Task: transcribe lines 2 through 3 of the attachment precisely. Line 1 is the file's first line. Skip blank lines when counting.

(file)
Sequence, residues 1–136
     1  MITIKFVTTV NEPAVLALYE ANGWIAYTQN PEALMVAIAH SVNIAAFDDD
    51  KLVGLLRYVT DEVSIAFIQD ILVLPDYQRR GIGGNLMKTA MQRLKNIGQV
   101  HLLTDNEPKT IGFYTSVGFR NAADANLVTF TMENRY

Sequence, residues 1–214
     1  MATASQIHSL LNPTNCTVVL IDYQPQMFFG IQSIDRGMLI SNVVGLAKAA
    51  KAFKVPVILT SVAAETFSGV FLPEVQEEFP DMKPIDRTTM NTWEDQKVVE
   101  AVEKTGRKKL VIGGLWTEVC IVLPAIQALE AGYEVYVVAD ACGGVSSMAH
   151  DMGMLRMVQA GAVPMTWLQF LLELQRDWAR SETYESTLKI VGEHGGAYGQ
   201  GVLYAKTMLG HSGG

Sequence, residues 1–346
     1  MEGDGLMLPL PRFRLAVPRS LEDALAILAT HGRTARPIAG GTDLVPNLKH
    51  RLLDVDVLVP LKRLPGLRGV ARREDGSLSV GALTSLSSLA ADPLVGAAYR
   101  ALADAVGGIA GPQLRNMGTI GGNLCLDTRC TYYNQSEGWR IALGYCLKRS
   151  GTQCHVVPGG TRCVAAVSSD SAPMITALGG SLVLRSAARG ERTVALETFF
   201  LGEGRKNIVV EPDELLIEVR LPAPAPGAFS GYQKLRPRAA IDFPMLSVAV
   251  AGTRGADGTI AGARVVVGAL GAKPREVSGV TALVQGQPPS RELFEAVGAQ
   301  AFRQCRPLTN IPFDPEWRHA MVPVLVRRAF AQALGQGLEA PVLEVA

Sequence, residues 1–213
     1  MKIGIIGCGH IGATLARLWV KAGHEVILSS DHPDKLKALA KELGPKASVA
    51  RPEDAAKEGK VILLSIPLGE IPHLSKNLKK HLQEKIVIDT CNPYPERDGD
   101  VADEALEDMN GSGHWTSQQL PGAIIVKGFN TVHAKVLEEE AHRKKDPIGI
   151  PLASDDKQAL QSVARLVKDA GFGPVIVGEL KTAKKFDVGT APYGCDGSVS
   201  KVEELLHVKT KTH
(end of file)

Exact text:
     1  MITIKFVTTV NEPAVLALYE ANGWIAYTQN PEALMVAIAH SVNIAAFDDD
    51  KLVGLLRYVT DEVSIAFIQD ILVLPDYQRR GIGGNLMKTA MQRLKNIGQV